There’s a lot to be said for games that allow you to approach them the way you want to. Emergent gameplay is nothing new, of course, but so often it’s tied into gameplay systems based around destruction and violence; the attraction there mostly being the slapstick chaos that can ensue when you go hilariously off the beaten path.
The real beauty of Yonder, however, is that it provides lots of little interlocking systems and a laid-back approach to progression without the need to fall back on any conflict. The most panic you’ll experience while playing will come when you’re trying to land a particularly stubborn fish; there’s very little else in the way of stressful situations here.
Backing up a bit, allow me to explain the premise. Yonder sees your custom-made explorer shipwrecked on an island that is besieged by a physical force known as Murk – a purplish haze that prevents you from having access to every area of the island when you begin. As you explore, you’ll come across tiny, pun-loving creatures called Sprites – collecting these will allow you to clear ever-larger island areas of Murk and enlarge the area you have to explore. There’s a lot more to it than this: there’s basic crafting, farming, trees to plant, native animals to discover (and befriend!), the aforementioned fishing and even hidden cats to find, amongst other things.
Though somewhat basic-looking, Yonder has buckets of charm. The island is beautifully colourful and a delight to explore; a day/night cycle is also present, with some lovely sights to be seen at different times of day. Island folk will give you quests, which are often very simple to carry out; the map and compass are very clear and well laid out, but quests can continually build up into a very long list at times if you allow them to. There’s no pressure to do these, though the main storyline does require you to complete certain quests in order to see the ‘ending’ of the story (you can, however, just continue to explore the island and do whatever you want to do once the story is complete). Your character can’t die or be harmed – even a fall from a great height will see your character swiftly deploy an umbrella, allowing them to gently float to safety. The Murk is an obstacle, rather than a true antagonist – and there are no other ‘enemies’, as such.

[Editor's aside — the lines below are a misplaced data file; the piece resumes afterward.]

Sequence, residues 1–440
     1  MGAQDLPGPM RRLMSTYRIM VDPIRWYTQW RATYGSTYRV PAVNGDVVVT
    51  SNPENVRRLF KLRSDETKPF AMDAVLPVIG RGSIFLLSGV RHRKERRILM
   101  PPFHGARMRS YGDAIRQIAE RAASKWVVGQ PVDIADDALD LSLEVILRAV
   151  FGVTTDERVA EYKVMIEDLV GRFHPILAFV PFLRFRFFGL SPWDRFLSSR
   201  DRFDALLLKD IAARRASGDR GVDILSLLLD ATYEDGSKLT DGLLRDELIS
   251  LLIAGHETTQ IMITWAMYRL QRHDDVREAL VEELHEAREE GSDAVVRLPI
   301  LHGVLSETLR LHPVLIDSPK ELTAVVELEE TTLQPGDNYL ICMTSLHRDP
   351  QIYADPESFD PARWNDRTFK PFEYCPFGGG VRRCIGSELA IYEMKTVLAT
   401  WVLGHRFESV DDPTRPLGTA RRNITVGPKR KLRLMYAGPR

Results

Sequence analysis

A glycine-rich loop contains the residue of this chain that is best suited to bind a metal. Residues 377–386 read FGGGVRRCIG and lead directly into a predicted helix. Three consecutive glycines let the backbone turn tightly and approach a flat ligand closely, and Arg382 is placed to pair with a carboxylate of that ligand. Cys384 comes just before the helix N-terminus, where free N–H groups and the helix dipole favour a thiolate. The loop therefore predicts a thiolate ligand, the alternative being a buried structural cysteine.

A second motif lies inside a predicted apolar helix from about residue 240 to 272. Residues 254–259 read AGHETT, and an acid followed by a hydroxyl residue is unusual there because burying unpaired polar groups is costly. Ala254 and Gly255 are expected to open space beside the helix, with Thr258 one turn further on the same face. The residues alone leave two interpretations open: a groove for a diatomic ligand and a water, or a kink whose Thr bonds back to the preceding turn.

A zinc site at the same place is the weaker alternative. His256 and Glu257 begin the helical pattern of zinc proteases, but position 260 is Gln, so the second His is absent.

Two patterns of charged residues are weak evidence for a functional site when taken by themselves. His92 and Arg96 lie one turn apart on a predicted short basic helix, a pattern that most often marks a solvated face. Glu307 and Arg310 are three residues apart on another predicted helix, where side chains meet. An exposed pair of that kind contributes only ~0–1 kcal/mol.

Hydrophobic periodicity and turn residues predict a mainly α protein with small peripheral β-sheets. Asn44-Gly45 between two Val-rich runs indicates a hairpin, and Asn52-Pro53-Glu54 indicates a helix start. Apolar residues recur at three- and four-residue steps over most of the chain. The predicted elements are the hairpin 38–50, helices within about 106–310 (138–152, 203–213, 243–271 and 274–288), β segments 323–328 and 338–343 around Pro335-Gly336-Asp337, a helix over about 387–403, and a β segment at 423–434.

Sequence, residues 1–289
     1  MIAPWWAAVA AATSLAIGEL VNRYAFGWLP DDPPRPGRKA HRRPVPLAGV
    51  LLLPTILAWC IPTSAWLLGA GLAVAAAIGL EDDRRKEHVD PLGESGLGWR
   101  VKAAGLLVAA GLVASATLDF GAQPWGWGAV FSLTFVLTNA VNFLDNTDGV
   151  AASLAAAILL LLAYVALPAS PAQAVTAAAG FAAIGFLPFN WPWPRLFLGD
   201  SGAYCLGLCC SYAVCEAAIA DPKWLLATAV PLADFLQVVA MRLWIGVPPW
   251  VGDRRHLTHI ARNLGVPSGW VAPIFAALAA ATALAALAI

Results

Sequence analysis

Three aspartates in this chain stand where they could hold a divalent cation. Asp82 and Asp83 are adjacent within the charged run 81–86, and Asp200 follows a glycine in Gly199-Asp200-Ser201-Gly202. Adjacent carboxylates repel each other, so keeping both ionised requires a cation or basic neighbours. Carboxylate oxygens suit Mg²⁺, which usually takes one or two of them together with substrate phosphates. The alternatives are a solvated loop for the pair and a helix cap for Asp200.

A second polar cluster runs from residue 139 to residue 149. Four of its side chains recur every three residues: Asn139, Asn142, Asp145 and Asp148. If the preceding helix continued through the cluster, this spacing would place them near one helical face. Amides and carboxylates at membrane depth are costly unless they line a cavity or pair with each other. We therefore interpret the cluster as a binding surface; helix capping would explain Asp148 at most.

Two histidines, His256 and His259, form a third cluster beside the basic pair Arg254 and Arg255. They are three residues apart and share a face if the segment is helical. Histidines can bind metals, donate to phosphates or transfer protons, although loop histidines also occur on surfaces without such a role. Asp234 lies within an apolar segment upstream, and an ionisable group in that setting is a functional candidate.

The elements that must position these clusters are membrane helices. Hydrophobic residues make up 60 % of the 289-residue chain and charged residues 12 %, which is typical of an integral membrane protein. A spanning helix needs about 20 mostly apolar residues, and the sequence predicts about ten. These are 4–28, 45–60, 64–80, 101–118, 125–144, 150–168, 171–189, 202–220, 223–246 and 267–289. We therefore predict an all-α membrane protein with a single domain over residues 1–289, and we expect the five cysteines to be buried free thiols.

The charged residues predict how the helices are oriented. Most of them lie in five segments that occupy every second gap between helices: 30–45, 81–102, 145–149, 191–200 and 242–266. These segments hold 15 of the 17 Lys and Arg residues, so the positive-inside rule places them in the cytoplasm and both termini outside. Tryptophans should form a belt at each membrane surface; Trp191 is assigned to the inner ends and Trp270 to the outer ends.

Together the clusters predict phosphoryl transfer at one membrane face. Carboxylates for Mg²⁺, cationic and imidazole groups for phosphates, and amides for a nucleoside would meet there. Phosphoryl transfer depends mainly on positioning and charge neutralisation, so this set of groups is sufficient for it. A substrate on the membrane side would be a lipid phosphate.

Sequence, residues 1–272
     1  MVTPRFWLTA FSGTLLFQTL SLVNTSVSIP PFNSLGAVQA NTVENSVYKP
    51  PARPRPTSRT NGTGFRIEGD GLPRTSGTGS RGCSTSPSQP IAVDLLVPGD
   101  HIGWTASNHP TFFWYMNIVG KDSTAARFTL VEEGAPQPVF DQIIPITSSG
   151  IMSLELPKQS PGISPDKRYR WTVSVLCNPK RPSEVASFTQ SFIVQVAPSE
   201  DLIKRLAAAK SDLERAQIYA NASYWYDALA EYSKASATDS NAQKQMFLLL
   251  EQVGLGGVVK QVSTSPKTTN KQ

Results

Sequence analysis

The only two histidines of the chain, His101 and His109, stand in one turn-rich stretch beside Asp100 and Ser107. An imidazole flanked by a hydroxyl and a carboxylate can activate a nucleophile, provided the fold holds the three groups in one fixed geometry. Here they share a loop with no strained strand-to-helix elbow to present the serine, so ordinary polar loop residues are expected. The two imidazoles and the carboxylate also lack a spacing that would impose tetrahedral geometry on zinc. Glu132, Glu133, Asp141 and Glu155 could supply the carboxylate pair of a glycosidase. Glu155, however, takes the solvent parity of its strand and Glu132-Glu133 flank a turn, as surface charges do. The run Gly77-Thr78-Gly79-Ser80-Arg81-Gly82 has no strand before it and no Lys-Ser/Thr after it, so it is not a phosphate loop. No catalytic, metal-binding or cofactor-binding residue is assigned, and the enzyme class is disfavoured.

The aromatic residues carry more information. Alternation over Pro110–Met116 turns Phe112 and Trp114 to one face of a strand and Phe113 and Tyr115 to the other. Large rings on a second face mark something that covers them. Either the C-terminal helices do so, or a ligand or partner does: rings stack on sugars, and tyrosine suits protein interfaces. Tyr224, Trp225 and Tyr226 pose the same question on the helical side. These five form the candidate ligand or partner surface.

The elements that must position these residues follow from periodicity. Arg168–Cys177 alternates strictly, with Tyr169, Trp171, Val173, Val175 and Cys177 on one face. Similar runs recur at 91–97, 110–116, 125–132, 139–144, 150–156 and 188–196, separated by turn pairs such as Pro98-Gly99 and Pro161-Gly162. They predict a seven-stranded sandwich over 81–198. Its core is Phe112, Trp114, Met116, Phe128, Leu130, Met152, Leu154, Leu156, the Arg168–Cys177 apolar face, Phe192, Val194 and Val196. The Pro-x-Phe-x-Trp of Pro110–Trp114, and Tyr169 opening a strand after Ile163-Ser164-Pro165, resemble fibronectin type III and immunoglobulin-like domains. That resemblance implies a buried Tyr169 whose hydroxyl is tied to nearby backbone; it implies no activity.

The music and sound effects are a perfect compliment to the colourful visuals; the soundtrack is charming and it’s wonderful to hear and feel the serenity of the island at any time of day through the well-realised sound effects.
It’s not perfect; it can be hard to see certain details at night (it’s just a smidge too dark – but the day/night cycle is pretty quick, so this doesn’t present that much of an issue) and the lack of any nudging can mean that you’re sometimes aimlessly wandering for longer than you really need to. The main storyline itself wraps up in a bit of an unsatisfying way too, but in fairness, the focus for me when playing was less to see an endgame and more to just spend time in a relaxing, no-pressure environment amusing myself with one of the many activities on offer. Though the lack of conflict – and the inability for your character to come to any harm – means that it’s a game perfect for much younger players, there’s a heavy reliance on in-game text rather than speech which can be a hindrance for, particularly small children.
Nonetheless, these are pretty small gripes for a game which seems to scratch the same itch as something like Animal Crossing, albeit within a structure that’s structured and designed more like a traditional third-person action RPG. There’s something incredibly calming and serene about Yonder; it’d be fantastic to see more along the same lines from developers Prideful Sloth – DLC or a sequel that continue along the same, no-conflict, no-death lines would be very welcome indeed. There’s nothing else quite like it right now; it’s a beautifully serene and chilled out experience that lends itself to long, relaxing sessions of charming exploration.